What we know about the dust-up that led to the shutdown of Slag Processing on Pennsylvania’s Pennsylania-Sussex border
The dust-ups that led the shutdown and the shutdown that followed are coming back to haunt Trump, and the president is blaming the shutdowns on the shutdown, not the Republicans.
But that is a mistake.
The president’s blame is completely wrong, according to the Congressional Research Service.
The shutdowns were the result of the shutdown debate, not Republicans, and it was Republicans who had the power to shut down government operations in the first place.
So, what is wrong with the president’s characterization?
The first problem is the idea that shutdowns and the debt ceiling are somehow linked.
The two events have different causes and have nothing to do with each other.
The first is the shutdown in October 2013.
At the time, Republicans wanted to reduce the debt limit and shut down the government, but it failed because Democrats and Republicans voted against it.
The debt limit was later increased to $16.7 trillion, and then to $18.2 trillion in March 2014.
But the debt-limit increase was a mistake, and this time the shutdown is the fault of Democrats and the Republicans who opposed it.
As the president has said, the shutdown was not Republicans doing the shutdown.
It was Democrats who shut down everything.
The second problem is that Trump says that shutdown, the debt and the shuttering of government operations are linked.
This is not the case.
The Congressional Research Services said the shutdown happened as a result of “Congress and the Administration having not reached agreement on the budget.”
But the shutdown didn’t happen because Congress and the administration were unable to agree on a budget.
Congress passed a budget that year, and there were no shutdowns because the spending restrictions on federal spending were lifted by the Budget Control Act of 2011.
The last time Congress passed such a budget was in 2013.
So the shutdown wasn’t caused by Republicans or Democrats not reaching an agreement on a spending bill.
But what did happen was that Congress passed the budget, which allowed for government operations to resume.
The next year, in October 2017, the budget passed again and the government was allowed to resume operations.
This was because Congress did not pass a spending plan.
It didn’t pass a budget, so the shutdown continued.
The final issue is that there was a debt limit, and that debt limit shutdown occurred as a consequence of the debt limits being raised.
This debt limit increase was the result not of Congress not agreeing on a fiscal policy, but of the Republican-controlled House and Senate voting to raise the debt caps.
And the debt cap was raised by the president, as a way to force Congress to pass a fiscal strategy for dealing with the country’s problems.
Trump has used this as an excuse to justify his continued insistence that he doesn’t care about the budget and the country, and he is right.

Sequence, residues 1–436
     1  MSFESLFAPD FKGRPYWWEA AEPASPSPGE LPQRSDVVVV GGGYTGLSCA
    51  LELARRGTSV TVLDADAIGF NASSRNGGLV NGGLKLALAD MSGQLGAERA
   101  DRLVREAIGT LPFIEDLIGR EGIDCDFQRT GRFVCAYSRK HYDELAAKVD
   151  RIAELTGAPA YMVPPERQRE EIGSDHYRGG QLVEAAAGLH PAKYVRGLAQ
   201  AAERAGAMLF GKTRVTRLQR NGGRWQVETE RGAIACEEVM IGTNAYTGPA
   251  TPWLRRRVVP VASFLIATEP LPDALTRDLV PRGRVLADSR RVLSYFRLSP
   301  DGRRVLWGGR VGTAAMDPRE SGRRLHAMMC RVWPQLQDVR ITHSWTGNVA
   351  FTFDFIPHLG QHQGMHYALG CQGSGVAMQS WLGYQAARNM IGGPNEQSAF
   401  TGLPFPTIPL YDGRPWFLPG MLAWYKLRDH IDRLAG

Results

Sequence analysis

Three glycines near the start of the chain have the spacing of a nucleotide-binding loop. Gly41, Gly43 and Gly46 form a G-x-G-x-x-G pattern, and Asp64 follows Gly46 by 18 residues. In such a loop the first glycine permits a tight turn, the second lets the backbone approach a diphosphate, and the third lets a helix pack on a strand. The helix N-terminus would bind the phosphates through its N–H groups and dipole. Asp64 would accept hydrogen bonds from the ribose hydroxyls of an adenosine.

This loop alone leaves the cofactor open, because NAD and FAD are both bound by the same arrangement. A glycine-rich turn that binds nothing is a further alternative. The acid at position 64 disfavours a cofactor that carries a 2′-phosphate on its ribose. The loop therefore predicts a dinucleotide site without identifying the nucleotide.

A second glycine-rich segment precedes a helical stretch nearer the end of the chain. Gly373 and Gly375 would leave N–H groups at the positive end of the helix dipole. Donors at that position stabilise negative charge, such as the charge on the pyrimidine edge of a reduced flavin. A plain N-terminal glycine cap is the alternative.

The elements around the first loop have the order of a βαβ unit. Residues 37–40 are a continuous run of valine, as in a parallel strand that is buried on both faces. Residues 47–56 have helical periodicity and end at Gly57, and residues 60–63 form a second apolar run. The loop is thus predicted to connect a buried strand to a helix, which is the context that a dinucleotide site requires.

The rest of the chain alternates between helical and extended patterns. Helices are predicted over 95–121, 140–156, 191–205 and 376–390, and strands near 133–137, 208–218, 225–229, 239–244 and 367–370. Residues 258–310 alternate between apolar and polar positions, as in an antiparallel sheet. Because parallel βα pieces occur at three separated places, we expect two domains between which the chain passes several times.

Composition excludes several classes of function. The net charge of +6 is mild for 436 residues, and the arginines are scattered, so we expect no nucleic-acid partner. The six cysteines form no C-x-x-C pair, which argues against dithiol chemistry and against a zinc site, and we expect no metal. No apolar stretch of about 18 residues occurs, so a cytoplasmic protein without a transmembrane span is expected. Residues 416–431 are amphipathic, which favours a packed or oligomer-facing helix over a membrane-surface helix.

But it is also important to understand that the shutdown came about as a direct result of Republicans blocking an agreement between Democrats and Republican-led Republicans to raise taxes.
They refused to raise revenues to pay for their massive spending demands.
They also refused to accept the compromise of raising taxes on the rich and reducing the deficit.
That compromise was rejected by both parties in the Senate and by Congress as well as by the American people in November.
As a result, the economy plunged into recession.
And now, Republicans have shut down federal operations, including government operations, for six weeks, even though the country still owes more in taxes than it has in revenues.
It is important to remember that the debt limitation has nothing to with Republicans or with the shutdown as a whole.
Republicans were unwilling to allow the budget to pass.
They wanted to use the budget as a pretext to block the government from continuing operations, and they did that.
Now, the president says the shutdown began because Democrats blocked a deal.
That’s simply not true.
When Republicans blocked a budget deal in 2015, the nation was in a recession.
They did not want to raise revenue to pay down the nation’s debt.
And they wanted to make the economy worse by reducing the size of government and the number of federal workers.
But Democrats were willing to accept those cuts.
They agreed to allow them to happen, and by the way, the Obama administration also agreed to those cuts, so they are on record as agreeing to those tax cuts.
The problem is, Trump is wrong on this point.
The U.S. budget was never passed, and therefore no agreement was ever reached between Democrats, Republicans and the American public.
So Trump is right that the president was blaming the debt ceilings for the shutdown because Republicans blocked the budget deal that would have allowed government operations at the border to resume on December 31, 2018.
He is wrong that the budget was passed on December 30, 2017, and thus no agreement is in fact in the offing.
The American people did not vote to raise tax rates on the wealthy and cut spending in order to keep government operations open.
And yet, Trump and
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